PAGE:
“Every year, Brooklyn’s Senior Idol attracts great talent from our Borough and more and more fans show up to cheer on our contestants at the show. This year, as we begin to plan the 6th Annual, I look forward to another successful event which has come a very popular tradition. So if you can sing, be sure to try out. And if you want to see a great show, be there on October 13,” said Golden.
Tickets for the event are $10.00 and can only be purchased at the door. Proceeds benefit the Xaverian High School Music Scholarship Fund and the purchase of new instruments to support the Xaverian High School music program.
For more information, contact Senator Golden’s office at (718) 238-6044.
Muscle-bound Jack Spadaro will once again battle the trenches of the East River to raise funds for autism.
For the fourth year in a row, Sheepshead Bay’s own Jack Spadaro will once again flex his aquatic muscles and swim across the East River to raise funds and awareness for autistic children.
Battling the trenches of the East River, the big-hearted neighborhood activist will don his swim skivvies July 15 for the Brooklyn Bridge 1K Swim Event. Spadaro, 49, is teaming up with Hempstead, Long Island’s Doug “Iron Man” Rebecca to form Team Block Swim in support of the Block Institute’s efforts in continuing to provide quality services to individuals with intellectual and developmental disabilities.
Battling the trenches of the East River, the two iron men — joining scores of other swimmers from across the tri-state area — will begin their journey at Pebble Beach in Brooklyn, swim towards the Brooklyn Bridge, continue their course underneath the bridge, and then finally cross the East River to the dry land of Manhattan. A combination of buoys, support boats, and kayaks will mark/monitor the swim route to help swimmers remain on course.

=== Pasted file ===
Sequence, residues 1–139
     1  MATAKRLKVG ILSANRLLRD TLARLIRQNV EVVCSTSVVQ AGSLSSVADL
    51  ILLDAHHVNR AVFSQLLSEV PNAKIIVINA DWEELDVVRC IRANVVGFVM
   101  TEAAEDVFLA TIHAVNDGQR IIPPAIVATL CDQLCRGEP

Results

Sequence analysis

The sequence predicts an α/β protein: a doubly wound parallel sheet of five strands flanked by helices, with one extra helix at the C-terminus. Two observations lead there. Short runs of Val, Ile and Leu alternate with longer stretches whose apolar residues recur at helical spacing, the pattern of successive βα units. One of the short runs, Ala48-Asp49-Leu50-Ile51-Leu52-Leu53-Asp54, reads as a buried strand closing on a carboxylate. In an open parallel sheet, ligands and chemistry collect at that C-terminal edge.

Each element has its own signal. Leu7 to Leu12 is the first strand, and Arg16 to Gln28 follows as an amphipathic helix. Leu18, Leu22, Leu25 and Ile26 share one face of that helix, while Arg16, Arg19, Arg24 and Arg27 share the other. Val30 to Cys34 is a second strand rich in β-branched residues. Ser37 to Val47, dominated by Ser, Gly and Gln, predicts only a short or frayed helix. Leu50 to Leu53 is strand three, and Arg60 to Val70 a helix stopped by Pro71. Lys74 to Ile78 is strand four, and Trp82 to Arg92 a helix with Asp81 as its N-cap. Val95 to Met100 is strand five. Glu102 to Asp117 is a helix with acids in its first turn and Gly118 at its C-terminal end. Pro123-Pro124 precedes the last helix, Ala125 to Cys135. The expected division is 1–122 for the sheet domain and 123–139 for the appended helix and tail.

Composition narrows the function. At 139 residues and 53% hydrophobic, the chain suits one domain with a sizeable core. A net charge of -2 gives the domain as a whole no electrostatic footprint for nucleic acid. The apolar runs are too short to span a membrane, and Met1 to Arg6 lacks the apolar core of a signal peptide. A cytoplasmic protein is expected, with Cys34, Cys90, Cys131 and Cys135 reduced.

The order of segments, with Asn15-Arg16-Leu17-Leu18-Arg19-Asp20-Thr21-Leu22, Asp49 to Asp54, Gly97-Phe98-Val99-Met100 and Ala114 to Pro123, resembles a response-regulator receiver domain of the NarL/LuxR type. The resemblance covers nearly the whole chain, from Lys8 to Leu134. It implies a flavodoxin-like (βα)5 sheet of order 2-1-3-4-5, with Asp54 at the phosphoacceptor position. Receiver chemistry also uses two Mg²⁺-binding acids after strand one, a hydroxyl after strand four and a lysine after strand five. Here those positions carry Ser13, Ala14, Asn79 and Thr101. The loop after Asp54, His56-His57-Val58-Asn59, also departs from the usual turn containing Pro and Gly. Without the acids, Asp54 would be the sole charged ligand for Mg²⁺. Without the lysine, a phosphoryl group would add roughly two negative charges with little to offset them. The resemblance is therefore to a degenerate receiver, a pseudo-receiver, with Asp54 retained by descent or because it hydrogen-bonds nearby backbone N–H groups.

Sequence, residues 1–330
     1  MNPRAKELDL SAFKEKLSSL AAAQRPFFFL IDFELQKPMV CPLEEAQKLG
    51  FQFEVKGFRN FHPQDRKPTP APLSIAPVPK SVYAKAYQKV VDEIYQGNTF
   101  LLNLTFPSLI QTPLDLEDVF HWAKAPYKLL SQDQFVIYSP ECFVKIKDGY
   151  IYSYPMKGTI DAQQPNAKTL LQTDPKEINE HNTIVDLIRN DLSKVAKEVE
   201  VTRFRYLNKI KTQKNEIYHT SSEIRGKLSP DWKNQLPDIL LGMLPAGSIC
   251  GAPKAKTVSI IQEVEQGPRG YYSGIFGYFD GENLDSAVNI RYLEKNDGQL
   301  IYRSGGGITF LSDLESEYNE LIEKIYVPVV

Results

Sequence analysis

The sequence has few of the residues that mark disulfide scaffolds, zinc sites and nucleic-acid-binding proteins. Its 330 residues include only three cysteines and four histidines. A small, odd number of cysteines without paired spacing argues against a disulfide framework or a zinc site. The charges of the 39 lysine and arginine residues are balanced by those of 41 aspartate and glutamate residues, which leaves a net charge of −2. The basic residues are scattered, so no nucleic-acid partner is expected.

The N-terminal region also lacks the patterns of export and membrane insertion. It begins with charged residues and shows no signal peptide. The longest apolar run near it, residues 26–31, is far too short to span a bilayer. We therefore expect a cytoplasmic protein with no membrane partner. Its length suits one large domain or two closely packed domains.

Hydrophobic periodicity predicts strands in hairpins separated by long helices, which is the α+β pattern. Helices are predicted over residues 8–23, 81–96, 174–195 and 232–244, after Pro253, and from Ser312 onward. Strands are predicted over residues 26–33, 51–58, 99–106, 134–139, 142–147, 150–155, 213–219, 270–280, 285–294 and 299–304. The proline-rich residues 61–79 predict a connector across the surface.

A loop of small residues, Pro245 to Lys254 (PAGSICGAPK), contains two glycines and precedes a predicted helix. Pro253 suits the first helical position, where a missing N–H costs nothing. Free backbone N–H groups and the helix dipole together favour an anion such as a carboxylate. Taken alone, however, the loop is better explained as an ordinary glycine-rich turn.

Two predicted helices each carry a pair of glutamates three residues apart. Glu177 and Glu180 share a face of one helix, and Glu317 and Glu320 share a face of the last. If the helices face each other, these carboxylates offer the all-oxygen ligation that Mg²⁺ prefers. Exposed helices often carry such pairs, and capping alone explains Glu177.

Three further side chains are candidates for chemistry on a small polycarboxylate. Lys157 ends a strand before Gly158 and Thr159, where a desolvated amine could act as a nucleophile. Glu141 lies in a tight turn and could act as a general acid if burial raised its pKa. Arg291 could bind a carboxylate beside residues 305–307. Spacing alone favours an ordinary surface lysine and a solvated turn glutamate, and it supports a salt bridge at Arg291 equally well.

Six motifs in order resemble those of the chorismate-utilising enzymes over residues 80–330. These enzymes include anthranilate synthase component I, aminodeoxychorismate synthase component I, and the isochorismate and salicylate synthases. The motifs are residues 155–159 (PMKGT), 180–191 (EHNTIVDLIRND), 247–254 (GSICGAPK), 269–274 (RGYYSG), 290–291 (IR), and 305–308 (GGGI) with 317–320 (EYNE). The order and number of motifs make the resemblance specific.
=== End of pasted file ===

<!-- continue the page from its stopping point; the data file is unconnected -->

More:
The Brooklyn Bridge Swim, an annual event organized by the non-profit Bridge to Youth, serves the special needs children and their parents with programs and activities to raise awareness, offer support and build self-esteem.
Spadaro, a St. Mark School alum, also volunteers with Bay Improvement Group, Foundation for Children with Special Needs, the American Cancer Society and the Cystic Fibrosis Foundation. He is hoping to inspire others to help support the Block Institute’s mission in assisting individuals with special needs.
If you are interesting in making a donation in Spadaro’s name, click here, or go to nycswim.org and select your swimmer.
The Brooklyn chapter of the Dream Factory organization has teamed up with the Brooklyn Cyclones in order to raise funds for the next dream they will grant for a child diagnosed with critical or chronic illness.
The Cyclones face off against the Jammers of Jamestown on July 8, 2012 at 5 p.m. The tickets are $10 each and 100 percent of the proceeds will benefit the Brooklyn Dream Factory. Tickets are tax deductible.
Contact the Dream Factory organizers if you have questions at (917) 968-8078.
Good luck to the Cyclones and the Dream Factory Team!
Our friends at the Shorefront Y, the Kings Bay Y and the Marks JCH of Bensonhurst are putting together their second annual Walk for Autism event, slated for April 22. In advance of the event, they’ve asked us to help get the word out to local about how they can get signed up to help this great cause.
The walk benefits Southern Brooklyn families who cannot afford to pay for special needs programs as the government continues to slash away at free programs. So by participating, you’re helping out neighbors who need it the most.
The walk itself is 1.2 miles along the Coney Island Boardwalk, beginning at the Aquarium. Here’s the flier: